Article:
The process by which particles or liquid are brought INTO the cell.
Involves the formation of a pit, invagination of the PM and pinching off and separation of the vesicle from the PM.
The process that sends particles or liquids OUT of the cell.
The reverse of endocytosis.
What are the types of Endocytosis?
Phagocytosis, Pinocytosis and Receptor-Mediated Endocytosis
What Types of Cells Employ Phagocytosis?
The "cell eating" process by which a cell engulfs particles or debris. Only a few cells in the body use this process.
Immune System Cells, White Blood Cells
Process by which a cell takes in droplets of liquid containing solutes. This process is non-specific because the cell brings in whatever particles are found in the fluid, this can be a disadvantage.
Virtually every cell in the body employs this process.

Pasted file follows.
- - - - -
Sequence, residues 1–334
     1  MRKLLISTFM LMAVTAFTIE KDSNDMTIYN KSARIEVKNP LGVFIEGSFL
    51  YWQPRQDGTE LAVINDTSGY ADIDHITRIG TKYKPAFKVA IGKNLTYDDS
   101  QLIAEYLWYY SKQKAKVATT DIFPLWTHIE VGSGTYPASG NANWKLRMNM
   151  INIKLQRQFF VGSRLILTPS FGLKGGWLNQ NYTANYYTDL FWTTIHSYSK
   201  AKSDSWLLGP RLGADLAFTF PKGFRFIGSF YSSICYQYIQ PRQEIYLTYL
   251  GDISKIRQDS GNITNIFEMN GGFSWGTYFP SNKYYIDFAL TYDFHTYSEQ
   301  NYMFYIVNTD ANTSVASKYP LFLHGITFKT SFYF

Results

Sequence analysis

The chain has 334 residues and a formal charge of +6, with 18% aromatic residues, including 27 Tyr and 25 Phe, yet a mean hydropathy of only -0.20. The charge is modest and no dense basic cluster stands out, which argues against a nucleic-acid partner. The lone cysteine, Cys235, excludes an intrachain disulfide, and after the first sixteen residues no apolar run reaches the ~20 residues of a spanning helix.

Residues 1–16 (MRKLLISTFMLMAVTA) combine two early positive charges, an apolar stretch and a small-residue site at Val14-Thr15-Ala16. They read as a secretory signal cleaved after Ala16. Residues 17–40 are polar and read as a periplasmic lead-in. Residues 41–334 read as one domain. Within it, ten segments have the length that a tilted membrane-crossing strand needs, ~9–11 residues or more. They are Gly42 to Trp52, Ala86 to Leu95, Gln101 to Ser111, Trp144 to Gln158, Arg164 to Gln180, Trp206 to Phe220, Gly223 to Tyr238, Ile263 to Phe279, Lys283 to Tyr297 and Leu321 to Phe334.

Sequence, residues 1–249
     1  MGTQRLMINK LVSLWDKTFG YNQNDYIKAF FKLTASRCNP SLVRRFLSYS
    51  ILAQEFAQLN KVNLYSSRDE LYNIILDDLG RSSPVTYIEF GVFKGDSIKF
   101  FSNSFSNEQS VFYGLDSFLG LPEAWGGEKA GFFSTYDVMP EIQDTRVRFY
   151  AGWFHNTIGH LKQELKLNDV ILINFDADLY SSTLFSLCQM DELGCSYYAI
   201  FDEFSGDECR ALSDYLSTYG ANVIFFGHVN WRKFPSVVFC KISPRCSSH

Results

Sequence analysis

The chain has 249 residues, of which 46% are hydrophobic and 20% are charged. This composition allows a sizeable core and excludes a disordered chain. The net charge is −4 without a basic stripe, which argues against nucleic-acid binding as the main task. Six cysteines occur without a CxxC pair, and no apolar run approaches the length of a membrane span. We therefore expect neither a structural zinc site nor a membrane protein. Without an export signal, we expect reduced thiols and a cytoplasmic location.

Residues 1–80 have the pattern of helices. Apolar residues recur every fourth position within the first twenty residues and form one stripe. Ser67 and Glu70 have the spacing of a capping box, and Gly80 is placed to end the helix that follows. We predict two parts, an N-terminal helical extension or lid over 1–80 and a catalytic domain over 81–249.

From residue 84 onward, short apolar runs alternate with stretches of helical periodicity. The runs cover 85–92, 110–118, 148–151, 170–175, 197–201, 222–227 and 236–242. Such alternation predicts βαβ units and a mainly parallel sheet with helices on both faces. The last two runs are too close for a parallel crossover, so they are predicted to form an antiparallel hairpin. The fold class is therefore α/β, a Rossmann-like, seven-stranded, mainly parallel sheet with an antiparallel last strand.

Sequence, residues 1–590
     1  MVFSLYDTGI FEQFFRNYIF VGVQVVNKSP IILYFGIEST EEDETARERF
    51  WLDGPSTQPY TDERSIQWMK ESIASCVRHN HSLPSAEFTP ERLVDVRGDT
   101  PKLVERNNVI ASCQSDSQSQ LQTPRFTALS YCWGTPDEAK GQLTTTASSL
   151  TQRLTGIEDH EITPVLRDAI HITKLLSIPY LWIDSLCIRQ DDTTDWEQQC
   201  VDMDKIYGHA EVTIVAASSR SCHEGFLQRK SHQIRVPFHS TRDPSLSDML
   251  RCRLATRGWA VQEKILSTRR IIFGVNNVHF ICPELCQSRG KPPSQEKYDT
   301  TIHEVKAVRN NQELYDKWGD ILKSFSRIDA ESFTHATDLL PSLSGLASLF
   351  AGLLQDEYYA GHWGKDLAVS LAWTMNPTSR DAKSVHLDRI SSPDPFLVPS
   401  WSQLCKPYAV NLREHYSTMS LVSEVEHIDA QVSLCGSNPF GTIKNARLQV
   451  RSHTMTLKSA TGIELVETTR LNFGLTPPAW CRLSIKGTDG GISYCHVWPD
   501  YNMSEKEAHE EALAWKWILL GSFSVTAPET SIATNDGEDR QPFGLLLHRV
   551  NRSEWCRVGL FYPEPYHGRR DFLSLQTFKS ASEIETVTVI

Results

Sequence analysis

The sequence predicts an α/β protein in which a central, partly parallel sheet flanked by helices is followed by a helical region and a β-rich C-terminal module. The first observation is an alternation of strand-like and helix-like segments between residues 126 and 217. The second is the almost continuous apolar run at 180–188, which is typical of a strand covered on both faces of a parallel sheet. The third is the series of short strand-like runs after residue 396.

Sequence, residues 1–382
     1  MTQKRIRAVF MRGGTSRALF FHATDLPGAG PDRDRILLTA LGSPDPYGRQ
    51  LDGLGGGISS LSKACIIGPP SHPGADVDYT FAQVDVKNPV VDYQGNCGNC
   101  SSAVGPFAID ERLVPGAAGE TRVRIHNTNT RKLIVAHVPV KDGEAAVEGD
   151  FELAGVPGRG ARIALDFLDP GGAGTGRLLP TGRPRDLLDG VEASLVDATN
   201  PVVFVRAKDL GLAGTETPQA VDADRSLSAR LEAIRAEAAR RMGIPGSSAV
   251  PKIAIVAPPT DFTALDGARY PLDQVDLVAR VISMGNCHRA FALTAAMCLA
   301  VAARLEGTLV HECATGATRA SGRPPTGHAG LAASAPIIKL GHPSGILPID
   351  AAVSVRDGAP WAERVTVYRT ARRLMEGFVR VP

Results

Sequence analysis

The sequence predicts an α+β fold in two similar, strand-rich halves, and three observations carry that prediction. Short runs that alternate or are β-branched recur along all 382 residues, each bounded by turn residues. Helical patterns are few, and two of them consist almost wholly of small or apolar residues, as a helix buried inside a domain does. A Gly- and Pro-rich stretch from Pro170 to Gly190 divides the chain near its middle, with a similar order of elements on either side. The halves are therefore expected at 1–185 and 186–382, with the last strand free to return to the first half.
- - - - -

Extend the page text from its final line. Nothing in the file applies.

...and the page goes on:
Describe Receptor-Mediated Endocytosis
Uses a plasma membrane protein to selectivly collect specific solutes in specific quantities and bring them inside the plasma membrane. This involves the use of receptors on the outer surface of the plasma membrane. Many growth factors and hormones enter the cell this way.
The process in more detail: Begins with extracellular solutes binding to receptors on the surface causing the receptors to cluster together.
Clustering causes the plasma membrane to invaginate around receptors forming a pit.
Invagination continues until the newly formed vesicle pinches off from the plasma membrane and is released into the cytoplasm of the cell.
A chemical that binds reversibly to a receptor site on a protein, such as a neurotransmitter that binds to a membrane receptor or a substrate that binds to an enzyme.
What is the most important carbohydrate monomer?
Describe the differences between the three polysaccharides.
Cellulose: We can't use for energy production, just dietary fiber for digestive tract health.
Starch: Main source of digestable carbohydrates.